Balaka, Malawi—In the maternity ward at Balaka District Hospital, a new mother firmly swaddles a baby to her chest with a chitenje (cloth wrapper). Mothers of premature and low weight babies born here, and those referred from other health centers in the district, are now being encouraged to pouch their babies, skin-to-skin on their chest, with a cloth. This allows the mothers to keep their babies warm naturally, helping them to feed and gain weight.
This intervention—known as Kangaroo Mother Care (KMC)—was initiated by the Jhpiego-led Support for Service Delivery Integration (SSDI-Services) Project to address high numbers of newborn deaths at Balaka District Hospital in southern Malawi. The initiative, supported by the U.S. Agency for International Development, has enhanced the ability of health care providers to help premature babies thrive and grow.
According to Balaka hospital records, the survival rate for underweight newborns at the hospital has been very low. The facility registers between 100 and 200 newborn cases, including referrals from other health centers in the district. Over the past year, Balaka District Hospital has recorded an average of 10 newborn deaths every month, of which three have been due to low birth weight complications. “Low birth weight accounts for about 20% of newborn deaths as we do not have incubators and there was no one in the labor ward who had the skills to handle cases of low birth weight babies,” says Chikondi Nyson, a nurse in the labor ward at the hospital.
In the past, mothers of low birth weight babies were usually referred to a nearby private clinic for incubation. However, many mothers never showed up with their infants for follow-up.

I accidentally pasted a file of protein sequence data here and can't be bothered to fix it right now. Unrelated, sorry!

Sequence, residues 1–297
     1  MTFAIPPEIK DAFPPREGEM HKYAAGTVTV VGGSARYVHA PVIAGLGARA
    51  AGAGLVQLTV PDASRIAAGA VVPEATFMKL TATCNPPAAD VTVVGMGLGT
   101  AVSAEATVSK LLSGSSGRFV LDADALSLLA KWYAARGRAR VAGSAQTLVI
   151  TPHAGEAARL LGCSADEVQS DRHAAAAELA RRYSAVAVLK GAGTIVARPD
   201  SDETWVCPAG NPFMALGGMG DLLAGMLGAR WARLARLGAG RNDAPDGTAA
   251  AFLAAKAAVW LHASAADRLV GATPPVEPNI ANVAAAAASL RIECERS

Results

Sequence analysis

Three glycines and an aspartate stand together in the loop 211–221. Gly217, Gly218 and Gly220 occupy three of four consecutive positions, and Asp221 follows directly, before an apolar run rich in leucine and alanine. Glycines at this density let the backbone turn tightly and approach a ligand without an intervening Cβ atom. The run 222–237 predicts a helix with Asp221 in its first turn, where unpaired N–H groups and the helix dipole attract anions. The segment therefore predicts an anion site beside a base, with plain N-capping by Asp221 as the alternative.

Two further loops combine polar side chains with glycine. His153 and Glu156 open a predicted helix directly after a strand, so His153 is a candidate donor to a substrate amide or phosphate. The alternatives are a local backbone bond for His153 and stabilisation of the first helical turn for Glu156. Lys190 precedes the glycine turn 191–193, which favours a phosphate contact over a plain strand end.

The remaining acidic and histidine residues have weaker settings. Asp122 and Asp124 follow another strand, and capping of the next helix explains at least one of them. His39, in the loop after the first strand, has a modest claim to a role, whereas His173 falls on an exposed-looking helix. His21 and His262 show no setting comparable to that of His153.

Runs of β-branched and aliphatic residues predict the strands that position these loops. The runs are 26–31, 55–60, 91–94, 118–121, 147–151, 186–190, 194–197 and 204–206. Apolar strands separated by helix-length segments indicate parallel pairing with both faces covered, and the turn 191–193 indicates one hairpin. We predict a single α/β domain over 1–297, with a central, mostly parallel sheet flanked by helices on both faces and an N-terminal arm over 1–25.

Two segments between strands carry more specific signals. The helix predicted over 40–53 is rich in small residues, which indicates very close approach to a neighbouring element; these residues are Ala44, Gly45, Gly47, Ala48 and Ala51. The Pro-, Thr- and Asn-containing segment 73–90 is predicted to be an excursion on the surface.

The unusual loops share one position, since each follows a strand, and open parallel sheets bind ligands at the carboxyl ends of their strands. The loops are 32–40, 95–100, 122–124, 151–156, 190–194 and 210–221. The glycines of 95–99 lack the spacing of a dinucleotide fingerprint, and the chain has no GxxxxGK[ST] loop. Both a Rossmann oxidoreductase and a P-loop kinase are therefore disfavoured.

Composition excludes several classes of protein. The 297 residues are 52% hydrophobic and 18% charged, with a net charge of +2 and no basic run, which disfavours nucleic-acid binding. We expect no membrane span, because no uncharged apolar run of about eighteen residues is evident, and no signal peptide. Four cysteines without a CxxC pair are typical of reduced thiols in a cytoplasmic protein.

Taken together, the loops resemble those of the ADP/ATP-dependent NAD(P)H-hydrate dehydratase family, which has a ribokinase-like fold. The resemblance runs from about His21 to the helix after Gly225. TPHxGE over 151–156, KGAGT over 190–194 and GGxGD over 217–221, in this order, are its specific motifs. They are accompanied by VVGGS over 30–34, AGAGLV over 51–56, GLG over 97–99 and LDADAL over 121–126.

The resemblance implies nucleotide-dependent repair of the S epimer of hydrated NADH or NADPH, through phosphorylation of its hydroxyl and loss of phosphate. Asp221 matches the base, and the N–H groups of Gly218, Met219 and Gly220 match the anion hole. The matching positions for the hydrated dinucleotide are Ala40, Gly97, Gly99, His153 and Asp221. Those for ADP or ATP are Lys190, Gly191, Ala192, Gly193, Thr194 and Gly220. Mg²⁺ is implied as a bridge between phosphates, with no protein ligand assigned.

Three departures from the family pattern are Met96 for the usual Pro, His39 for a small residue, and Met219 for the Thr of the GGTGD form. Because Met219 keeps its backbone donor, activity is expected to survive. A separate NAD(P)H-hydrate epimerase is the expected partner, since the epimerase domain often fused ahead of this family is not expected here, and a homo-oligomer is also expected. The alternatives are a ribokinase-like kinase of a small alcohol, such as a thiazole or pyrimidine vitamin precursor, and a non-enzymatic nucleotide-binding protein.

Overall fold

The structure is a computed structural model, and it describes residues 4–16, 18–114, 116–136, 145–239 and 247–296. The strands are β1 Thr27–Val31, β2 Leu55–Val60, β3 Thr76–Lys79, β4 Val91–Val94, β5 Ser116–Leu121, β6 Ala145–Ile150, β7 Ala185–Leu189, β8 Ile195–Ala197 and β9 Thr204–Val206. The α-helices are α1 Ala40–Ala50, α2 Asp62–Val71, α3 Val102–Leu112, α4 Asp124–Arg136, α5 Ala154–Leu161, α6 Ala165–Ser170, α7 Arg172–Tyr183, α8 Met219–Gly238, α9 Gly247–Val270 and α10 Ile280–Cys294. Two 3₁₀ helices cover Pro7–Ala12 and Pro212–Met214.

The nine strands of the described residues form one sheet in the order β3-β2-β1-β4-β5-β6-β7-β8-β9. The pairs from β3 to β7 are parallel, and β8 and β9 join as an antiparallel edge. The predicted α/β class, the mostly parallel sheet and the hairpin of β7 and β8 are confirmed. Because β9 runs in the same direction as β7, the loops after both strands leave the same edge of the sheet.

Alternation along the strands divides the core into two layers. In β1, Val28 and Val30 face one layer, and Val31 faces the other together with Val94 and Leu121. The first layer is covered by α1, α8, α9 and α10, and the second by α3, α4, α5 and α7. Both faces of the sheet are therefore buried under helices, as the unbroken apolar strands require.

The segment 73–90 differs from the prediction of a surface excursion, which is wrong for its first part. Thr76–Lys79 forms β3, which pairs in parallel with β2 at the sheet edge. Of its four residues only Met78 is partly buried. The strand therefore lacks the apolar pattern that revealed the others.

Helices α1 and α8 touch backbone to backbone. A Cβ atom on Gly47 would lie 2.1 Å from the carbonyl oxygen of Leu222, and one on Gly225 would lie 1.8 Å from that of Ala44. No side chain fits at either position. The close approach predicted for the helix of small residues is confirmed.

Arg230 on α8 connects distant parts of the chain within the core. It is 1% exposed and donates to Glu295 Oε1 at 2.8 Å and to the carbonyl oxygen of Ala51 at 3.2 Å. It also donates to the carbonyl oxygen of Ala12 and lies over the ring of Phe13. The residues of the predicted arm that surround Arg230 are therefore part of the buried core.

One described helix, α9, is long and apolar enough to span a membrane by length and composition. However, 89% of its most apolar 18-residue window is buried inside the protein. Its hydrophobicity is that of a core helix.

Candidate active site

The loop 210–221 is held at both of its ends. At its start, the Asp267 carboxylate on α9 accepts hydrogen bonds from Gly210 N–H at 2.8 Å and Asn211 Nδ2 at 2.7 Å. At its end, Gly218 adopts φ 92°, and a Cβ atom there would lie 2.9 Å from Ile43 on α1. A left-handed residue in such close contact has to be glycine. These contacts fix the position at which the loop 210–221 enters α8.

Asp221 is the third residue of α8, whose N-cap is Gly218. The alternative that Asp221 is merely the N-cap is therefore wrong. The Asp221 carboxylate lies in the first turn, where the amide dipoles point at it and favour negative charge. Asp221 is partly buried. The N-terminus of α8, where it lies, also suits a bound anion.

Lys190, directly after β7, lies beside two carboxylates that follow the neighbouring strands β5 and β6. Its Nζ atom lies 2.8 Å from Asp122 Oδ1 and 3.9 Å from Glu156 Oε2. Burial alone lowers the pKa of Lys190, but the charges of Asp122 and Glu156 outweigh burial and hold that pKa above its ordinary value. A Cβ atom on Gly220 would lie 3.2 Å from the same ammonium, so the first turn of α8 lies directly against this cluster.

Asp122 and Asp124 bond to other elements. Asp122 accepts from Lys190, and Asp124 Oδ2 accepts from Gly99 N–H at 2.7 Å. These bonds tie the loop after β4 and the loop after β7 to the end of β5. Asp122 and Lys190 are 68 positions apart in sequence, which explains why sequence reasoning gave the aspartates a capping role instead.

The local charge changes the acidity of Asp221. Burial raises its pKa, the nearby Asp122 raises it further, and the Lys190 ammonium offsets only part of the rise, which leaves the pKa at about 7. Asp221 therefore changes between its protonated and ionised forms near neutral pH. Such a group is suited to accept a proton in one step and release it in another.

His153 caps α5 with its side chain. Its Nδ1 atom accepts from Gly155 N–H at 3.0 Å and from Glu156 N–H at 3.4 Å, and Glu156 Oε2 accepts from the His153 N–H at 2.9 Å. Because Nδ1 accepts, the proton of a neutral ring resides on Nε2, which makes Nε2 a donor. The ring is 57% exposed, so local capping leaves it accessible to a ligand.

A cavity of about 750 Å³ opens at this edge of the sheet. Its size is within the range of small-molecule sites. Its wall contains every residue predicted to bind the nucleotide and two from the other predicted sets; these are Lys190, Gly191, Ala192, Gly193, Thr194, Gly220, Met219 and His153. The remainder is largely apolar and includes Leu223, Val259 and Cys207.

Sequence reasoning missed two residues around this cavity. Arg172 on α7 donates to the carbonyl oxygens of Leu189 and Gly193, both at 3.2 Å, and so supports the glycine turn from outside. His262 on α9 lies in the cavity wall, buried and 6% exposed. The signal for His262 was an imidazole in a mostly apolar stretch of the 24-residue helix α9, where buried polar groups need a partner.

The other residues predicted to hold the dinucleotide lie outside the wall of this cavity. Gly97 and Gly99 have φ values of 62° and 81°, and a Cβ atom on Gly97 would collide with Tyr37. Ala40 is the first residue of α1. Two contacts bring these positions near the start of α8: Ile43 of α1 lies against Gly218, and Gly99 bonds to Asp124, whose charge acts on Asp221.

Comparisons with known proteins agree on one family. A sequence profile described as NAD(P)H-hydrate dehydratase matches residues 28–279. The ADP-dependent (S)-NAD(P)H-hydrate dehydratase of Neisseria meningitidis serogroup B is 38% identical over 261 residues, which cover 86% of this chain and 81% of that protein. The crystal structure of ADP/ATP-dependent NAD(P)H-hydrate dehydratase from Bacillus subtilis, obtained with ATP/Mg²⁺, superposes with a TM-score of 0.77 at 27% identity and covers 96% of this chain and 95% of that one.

SSDI-Services supported Balaka Hospital to integrate KMC into maternal care as part of a comprehensive maternal and newborn health services package. Since January 2013, nurses and clinicians have had their skills strengthened in areas ranging from the identification of low birth weight babies to danger signs for these infants to the roles of support staff in promoting the service. Ward attendants and other staff, who largely assist new mothers in post-birth care, also have had their skills updated.
As a result of Jhpiego’s work, KMC services were set up in the maternity area of the hospital. A room was designated within the postnatal ward and two beds reserved for KMC babies. Guidelines for managing low birth weight babies were shared and posted on the walls to guide providers. A third KMC bed has since been added. With Jhpiego’s help and support, “we are now able to care for low weight babies and assured that many babies will be saved,” says Nurse Nyson.
“When I was told my baby was born with very low weight, I was hopeless that she won’t survive. Now she is more [than] three weeks old and I am happily seeing her breathing and stronger and healthier every day,” said one new mother in the hospital’s KMC unit.
KMC services are already having a positive impact at Balaka Hospital. In the first three months of this year, only one low weight birth death has been reported out of the 12 admissions in KMC.
Nurses and midwives in the hospital’s labor ward are optimistic that the immediate, positive results of KMC at Balaka will persuade hospital management and SSDI-Services to provide additional funding to increase the project’s ability to serve more women and babies. The valuable information and lessons from the Balaka KMC experience are expected to assist the Ministry of Health as it considers scaling up KMC services at the hospital and introducing them in other facilities in the district and beyond.